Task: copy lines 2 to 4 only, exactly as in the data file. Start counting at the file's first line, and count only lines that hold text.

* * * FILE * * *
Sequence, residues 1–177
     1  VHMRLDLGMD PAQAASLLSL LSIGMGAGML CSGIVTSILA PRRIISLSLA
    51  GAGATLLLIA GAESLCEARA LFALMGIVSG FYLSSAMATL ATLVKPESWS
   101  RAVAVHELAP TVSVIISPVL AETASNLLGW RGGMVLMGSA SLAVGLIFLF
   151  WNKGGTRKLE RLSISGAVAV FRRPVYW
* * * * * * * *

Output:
     1  VHMRLDLGMD PAQAASLLSL LSIGMGAGML CSGIVTSILA PRRIISLSLA
    51  GAGATLLLIA GAESLCEARA LFALMGIVSG FYLSSAMATL ATLVKPESWS
   101  RAVAVHELAP TVSVIISPVL AETASNLLGW RGGMVLMGSA SLAVGLIFLF